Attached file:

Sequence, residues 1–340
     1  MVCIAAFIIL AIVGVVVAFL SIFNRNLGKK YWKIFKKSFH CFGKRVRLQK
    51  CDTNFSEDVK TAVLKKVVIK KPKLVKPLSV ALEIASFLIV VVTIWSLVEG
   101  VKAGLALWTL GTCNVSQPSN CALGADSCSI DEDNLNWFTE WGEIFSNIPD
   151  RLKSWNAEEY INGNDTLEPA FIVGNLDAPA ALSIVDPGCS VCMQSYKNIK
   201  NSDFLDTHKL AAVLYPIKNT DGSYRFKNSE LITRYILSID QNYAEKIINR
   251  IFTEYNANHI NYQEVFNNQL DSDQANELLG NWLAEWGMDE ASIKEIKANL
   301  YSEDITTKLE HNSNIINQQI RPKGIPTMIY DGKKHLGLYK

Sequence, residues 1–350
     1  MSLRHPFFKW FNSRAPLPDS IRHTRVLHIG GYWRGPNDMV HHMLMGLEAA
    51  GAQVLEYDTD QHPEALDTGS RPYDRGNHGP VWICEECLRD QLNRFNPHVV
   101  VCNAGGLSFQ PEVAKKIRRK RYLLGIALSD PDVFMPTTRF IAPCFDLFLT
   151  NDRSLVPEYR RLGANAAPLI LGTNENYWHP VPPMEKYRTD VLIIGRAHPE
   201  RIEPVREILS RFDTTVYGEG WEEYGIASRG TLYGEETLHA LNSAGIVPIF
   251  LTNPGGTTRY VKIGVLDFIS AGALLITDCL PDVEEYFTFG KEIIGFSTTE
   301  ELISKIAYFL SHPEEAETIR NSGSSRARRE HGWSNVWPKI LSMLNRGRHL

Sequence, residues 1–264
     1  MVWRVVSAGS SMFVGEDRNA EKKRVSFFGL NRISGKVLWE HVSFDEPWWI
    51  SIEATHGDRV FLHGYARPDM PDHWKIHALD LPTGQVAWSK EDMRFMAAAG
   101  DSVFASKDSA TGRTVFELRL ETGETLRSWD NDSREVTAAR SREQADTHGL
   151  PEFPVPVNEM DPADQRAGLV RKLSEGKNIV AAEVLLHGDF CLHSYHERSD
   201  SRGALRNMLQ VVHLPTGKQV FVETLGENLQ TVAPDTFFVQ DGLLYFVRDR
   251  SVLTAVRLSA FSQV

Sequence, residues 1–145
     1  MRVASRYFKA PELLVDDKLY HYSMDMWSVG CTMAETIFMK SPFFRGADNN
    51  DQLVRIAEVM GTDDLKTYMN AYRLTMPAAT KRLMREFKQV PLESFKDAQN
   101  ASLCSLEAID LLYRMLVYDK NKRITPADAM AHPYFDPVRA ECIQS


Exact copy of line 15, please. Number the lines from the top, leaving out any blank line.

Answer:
   251  LTNPGGTTRY VKIGVLDFIS AGALLITDCL PDVEEYFTFG KEIIGFSTTE